Both omega-3 and omega-6 fatty acids help control inflammation. Our bodies can’t make either of these essential fats, so we have to source them from our diets. Getting the balance right is also critical to the way they affect us. Having a high intake of omega-6 fats stimulates inflammation, and so does consuming insufficient omega-3 fats, because this results in less anti-inflammatory action.
Most Australians (and other westerners) consume more than enough omega-6 fatty acids from vegetable oils and margarines, but adding enough omega-3s to your diet takes a little more effort. (Top sources include oily fish, linseeds and walnuts.)
To ensure an adequate intake of omega-3s, the National Heart Foundation recommends we eat oily fish, such as tuna, salmon, sardines, herring or mackerel, two to three times a week.
Keep a food diary
Ask anyone with arthritis about what they think aggravates their symptoms, and they’re likely to give you a long list of foods. The usual suspects include red meat, alcohol, citrus fruit, sugar, fats, salt, food and drinks that contain caffeine, and nightshade plants (such as tomatoes and eggplant).
Keeping track of what you eat and the severity of your arthritis will help you make some clear food–symptom connections. Try taking any possible culprits off the menu and watch for signs of improvement. But wait — before you ban anything for good, talk to a health professional, such as an Accredited Practising Dietitian. Eliminating certain foods could seriously compromise your intake of nutrients your body needs.
Lose that excess weight
Shedding kilos appears to ease all forms of arthritis. People with osteoarthritis definitely benefit from lightening the pressure on their joints. For arthritis sufferers, fat is a double whammy, because it also produces pro-inflammatory chemicals. Losing weight reduces this inflammation and hence the symptoms of rheumatoid arthritis and other inflammatory forms of the disease. People with gout can also gain some relief if they drop a few kilos. Carrying less weight lowers their uric-acid levels, alleviating painful symptoms.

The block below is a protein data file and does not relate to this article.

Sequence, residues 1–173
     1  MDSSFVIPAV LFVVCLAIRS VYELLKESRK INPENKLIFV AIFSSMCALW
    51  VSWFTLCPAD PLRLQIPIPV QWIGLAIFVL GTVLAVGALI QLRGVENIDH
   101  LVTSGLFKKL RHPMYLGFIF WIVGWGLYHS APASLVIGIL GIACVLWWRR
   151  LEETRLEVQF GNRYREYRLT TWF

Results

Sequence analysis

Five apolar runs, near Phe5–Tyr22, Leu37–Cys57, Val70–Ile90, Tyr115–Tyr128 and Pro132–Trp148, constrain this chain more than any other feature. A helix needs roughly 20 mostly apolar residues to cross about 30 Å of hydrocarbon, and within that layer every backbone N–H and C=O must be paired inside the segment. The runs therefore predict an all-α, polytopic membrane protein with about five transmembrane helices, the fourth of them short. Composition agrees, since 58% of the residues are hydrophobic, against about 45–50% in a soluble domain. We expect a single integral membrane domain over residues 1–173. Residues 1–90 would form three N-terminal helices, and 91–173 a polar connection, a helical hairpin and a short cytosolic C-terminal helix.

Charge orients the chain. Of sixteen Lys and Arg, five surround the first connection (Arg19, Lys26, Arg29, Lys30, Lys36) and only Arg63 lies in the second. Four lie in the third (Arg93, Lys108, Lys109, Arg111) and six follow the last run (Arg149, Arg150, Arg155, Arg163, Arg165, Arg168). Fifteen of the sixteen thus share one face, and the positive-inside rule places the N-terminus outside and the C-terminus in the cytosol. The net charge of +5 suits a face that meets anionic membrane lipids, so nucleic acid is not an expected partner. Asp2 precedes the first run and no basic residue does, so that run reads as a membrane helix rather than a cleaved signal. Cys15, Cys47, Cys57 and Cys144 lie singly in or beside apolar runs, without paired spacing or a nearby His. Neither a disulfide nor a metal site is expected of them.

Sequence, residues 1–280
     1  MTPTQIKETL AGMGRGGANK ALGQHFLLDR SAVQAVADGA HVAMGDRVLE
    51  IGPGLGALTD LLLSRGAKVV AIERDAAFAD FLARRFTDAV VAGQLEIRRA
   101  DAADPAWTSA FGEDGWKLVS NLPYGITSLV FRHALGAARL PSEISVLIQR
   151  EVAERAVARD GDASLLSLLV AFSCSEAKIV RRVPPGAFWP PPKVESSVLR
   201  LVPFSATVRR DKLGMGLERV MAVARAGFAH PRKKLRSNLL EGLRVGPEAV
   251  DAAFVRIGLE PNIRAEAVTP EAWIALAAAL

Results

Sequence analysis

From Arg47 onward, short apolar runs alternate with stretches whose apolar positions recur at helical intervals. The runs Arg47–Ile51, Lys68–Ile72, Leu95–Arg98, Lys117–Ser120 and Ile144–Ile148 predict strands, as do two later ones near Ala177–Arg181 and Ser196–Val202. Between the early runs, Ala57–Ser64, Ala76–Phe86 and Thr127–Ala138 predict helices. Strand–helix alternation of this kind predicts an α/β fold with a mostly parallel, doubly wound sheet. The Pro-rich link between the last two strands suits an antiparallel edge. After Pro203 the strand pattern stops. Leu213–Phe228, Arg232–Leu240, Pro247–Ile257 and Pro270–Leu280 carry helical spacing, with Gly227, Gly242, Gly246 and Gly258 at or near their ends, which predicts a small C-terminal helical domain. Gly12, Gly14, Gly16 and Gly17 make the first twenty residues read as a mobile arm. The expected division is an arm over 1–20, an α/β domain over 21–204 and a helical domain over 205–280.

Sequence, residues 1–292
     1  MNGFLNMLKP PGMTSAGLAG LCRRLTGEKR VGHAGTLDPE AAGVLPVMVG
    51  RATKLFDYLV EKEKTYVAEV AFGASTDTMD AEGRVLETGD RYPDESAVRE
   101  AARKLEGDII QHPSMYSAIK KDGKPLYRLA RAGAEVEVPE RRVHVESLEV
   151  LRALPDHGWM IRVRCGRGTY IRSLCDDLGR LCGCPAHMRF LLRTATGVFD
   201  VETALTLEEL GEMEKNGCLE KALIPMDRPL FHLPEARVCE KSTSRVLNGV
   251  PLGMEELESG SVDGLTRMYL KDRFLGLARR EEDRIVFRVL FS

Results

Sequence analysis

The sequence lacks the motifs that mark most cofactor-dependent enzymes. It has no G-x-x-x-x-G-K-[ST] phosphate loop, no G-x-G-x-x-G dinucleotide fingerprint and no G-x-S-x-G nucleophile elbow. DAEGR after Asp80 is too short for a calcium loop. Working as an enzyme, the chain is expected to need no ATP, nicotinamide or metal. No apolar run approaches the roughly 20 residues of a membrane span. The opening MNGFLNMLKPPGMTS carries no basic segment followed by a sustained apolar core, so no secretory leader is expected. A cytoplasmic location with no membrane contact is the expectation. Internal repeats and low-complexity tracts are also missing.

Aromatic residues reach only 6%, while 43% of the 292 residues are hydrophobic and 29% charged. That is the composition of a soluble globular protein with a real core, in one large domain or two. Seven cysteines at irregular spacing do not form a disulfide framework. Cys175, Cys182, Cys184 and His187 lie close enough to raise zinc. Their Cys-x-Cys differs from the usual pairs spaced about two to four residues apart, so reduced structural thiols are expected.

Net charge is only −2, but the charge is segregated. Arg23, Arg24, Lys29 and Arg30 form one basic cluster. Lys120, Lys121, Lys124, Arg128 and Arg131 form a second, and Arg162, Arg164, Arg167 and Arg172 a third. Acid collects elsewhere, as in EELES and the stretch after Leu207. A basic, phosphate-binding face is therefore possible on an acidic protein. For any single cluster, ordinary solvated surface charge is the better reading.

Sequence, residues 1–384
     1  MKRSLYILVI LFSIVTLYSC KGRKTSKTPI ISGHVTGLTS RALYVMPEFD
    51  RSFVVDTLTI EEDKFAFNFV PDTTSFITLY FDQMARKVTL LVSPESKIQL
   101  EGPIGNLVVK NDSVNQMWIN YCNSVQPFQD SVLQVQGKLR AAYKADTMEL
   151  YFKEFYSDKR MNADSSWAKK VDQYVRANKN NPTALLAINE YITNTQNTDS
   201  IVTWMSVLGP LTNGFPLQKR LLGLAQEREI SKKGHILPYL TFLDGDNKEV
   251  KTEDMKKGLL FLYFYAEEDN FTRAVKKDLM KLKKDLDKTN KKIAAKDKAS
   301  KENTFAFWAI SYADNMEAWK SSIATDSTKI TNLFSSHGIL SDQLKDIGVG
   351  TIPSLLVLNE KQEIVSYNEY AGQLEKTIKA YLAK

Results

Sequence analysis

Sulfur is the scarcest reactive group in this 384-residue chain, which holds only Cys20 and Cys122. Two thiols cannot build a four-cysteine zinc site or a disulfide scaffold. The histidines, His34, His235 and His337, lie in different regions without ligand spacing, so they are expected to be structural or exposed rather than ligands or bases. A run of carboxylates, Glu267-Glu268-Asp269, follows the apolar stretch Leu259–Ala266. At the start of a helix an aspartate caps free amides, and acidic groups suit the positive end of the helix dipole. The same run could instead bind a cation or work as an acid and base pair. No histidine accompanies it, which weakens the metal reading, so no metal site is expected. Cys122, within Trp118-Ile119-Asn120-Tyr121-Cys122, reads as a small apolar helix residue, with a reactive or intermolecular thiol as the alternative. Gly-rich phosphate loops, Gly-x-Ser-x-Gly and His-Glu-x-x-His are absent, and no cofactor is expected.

Eat to beat gout
You can substantially control gout with the right diet and lifestyle changes. To relieve symptoms, you need to lower the level of uric acid in your blood, which is just what the following strategies do.
Eat fewer purine-rich foods, such as meat, chicken and seafood. (The compound purine is a precursor of uric acid.) Downsize your portions or choose alternative high-protein foods, such as low-fat dairy products, eggs and legumes (beans, chickpeas and lentils)
Drink less alcohol, especially beer
Drink fewer fructose-rich beverages, such as soft drinks, energy drinks and fruit juice
Drink plenty of water
Can supplements soothe the pain?
Many people with arthritis find they can ease their symptoms with the following supplements.
Rheumatoid-arthritis sufferers who have an adequate intake of omega-3 fatty acids may experience less inflammation, stiffness and joint pain. If you’re not a fan of fish, or worried that you’re not getting enough omega-3 fats, try fish-oil supplements. To reduce inflammation, Arthritis Australia suggests you take at least 2.7g (2700mg) of the long-chain omega-3 fatty acids EPA and DHA every day. If you use supplements, make sure you buy a reputable brand and follow the instructions to work out the dose you need.
Green-lipped mussel extract
Another good source of omega-3 fats that shows some promise for the treatment of arthritis. Evidence suggests that people with osteoarthritis can find some relief by taking this mussel extract with paracetamol or certain anti-inflammatory drugs (such as aspirin, ibuprofen or naproxen), but that it’s ineffective at treating rheumatoid arthritis. The best approach? Seek professional medical advice before taking this supplement.
Often combined with chondroitin in joint-support formulas. In theory, taking these supplements should improve joint health because cartilage contains both of these compounds. Even so, results of research into glucosamine and chondroitin’s effectiveness at treating osteoarthritis remain unclear. Although some health experts say they’re little more than placebos, these relatively safe options are virtually free of side effects, so you can give them a try.
According to Arthritis Australia, a daily dose of 1500mg of glucosamine sulphate is enough. If you see no improvement in four to six weeks, there will be little point in continuing with it. The best way to manage your arthritis is to talk to your doctor about alternative strategies.
Did you know? Nearly 20 per cent of Australians have arthritis, and though we have no cure, the strategies on these pages can help.
Try a little patience: What works for one person mightn’t work for another. Finding relief from arthritis is a process of trial and error.